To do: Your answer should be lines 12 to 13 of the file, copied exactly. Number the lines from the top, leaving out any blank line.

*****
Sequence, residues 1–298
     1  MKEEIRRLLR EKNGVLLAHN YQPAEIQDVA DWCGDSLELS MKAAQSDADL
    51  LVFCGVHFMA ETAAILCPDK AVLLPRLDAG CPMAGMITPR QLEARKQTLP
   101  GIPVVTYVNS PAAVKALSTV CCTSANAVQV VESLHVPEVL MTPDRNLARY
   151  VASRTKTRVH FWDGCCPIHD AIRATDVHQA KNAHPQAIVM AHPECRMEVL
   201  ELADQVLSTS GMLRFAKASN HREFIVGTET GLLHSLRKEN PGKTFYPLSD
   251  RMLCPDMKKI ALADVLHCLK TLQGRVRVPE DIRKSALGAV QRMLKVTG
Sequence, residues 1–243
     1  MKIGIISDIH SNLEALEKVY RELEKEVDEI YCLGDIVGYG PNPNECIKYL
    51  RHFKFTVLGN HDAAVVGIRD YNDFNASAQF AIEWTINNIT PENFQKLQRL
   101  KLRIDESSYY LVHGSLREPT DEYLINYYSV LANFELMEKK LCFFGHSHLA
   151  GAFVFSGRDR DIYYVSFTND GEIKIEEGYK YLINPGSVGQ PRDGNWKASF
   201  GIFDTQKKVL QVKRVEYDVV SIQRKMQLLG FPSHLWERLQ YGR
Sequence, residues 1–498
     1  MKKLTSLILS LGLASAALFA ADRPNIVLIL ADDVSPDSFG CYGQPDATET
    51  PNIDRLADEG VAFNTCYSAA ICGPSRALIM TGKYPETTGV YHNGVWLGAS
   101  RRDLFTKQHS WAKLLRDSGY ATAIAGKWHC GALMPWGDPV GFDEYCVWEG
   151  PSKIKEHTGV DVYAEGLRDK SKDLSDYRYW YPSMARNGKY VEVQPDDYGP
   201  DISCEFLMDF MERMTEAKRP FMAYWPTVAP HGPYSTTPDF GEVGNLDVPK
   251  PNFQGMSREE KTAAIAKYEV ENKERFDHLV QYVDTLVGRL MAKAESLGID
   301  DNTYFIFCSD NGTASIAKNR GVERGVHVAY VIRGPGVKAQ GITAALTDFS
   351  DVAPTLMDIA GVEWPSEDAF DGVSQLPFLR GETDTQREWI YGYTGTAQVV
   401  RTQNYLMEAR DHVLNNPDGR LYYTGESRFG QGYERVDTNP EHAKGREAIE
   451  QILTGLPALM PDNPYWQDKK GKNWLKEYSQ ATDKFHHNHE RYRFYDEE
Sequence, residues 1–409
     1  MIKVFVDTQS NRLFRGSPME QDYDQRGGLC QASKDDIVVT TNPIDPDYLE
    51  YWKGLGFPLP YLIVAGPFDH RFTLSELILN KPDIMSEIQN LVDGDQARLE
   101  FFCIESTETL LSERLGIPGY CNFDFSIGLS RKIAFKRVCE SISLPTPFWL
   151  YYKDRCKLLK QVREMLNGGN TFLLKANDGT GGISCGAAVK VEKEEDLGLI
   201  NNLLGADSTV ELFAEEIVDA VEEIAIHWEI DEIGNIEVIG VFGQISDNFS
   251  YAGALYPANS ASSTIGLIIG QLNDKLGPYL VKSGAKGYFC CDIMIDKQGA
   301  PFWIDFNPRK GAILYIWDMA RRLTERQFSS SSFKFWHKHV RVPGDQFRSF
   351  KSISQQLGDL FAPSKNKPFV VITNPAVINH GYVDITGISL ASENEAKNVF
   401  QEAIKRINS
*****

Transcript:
   151  GAFVFSGRDR DIYYVSFTND GEIKIEEGYK YLINPGSVGQ PRDGNWKASF
   201  GIFDTQKKVL QVKRVEYDVV SIQRKMQLLG FPSHLWERLQ YGR